A feeling of joy stirred in Carima’s breast as Babouka pointed to a library overflowing with books, a little bathroom with a sink topped by a mirror, and a tiny sitting room / dining room. At one end of the house was Babouka’s bedroom wherein a lantern burned in broad daylight, and at the other end was a guest room of comparable size, which Babouka said was to be her own. 

After Babouka excused himself and went out to give her privacy, Carima gazed around her new room, running her fingers along the unpainted walls, checking the closet as well as the full-length mirror inside it, and pacing up and down in great excitement. She had lost her cozy little room at “The Abode on The Far Side” forever, but she had found this, and it was cozier and more beautiful than words could say! 

When she came out to tell Babouka how much she loved his house and how grateful she was for his kindness, she found that Babouka had put out food and drink for her, a simple lunch consisting of smoked-fish stew and boiled plantains.  

“Who could this man be, and what is the secret source of so much kindness and such warm hospitality toward me, whom he has just met and knows nothing about?” Carima wondered as she tossed and turned on her mat in search of sleep following her long journey.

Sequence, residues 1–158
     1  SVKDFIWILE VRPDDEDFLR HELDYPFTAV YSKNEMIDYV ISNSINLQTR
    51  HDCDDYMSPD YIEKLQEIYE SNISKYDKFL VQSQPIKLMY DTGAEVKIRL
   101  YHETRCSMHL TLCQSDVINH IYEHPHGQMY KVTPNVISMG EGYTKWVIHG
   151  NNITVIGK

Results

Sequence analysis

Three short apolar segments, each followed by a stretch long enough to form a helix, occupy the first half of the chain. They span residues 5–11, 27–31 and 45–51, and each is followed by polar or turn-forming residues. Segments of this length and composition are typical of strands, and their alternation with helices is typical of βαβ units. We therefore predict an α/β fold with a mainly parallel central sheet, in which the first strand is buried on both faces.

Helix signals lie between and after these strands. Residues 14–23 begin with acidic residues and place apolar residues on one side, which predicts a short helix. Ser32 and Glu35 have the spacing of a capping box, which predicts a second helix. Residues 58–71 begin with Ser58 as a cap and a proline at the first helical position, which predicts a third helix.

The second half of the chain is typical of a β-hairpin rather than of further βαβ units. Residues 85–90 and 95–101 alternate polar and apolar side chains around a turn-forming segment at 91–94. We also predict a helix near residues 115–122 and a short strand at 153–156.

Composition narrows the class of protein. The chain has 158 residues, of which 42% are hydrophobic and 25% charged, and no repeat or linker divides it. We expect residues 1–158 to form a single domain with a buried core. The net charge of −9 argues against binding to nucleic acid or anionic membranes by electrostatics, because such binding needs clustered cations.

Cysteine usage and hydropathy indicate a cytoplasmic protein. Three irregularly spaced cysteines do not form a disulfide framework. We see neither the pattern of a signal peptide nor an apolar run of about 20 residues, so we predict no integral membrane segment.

She felt such an outpouring of gratitude toward her host that her stomach lurched at the thought of keeping him in the dark about her true identity and her quest a moment longer. The story of her life, from her flight from home disguised as a boy to her departure from Lego the night before; what a relief it would be to unburden herself, make a clean breast of it, and, if the voice in her head was to be believed, embrace life here as Babouka’s adopted daughter! That, surely, would be the sensible thing to do!

And yet, deep in her heart, she felt a tug of caution, an instinctive fear of speaking out of turn and rushing to bare her soul and reveal that which she had better conceal. The more she debated within herself the rights and wrongs of secrecy and transparency, the more muddled she felt until, mercifully, she closed her eyes in sleep at last. Or, at least, that’s what was about to happen—until she was pulled all the way awake again by a melodious voice singing “What a Wonderful World,” a song that had made every fiber in her body thrill and frolic with pleasure since the first time she’d heard it as a small child out in her parents’ garden. 

Carima listened, nodding in time to the music until it dawned on her that the voice was not that of some gifted singer who had come by the house to sing for his supper, but the voice of Babouka himself singing his heart out in a moment of leisure. 

“God, he must have peace in his soul and love that passes all understanding to sing like that,” Carima thought to herself. “Such beautiful, soul-lifting singing must flow out of a deep-seated reservoir of boundless love and goodwill toward all men.”

‘’Is this,’’ she asked the mysterious voice that had urged her to find Babouka, “is this why you sent me after him? Why you brought me here? Was it to find someone who actually embodied the love they claimed to have for others? Someone who might actually help me because he wanted to—rather than because he felt obligated to? Unlike the others. 

Unlike even Papa, the only father she had known until the moment she ran away from home.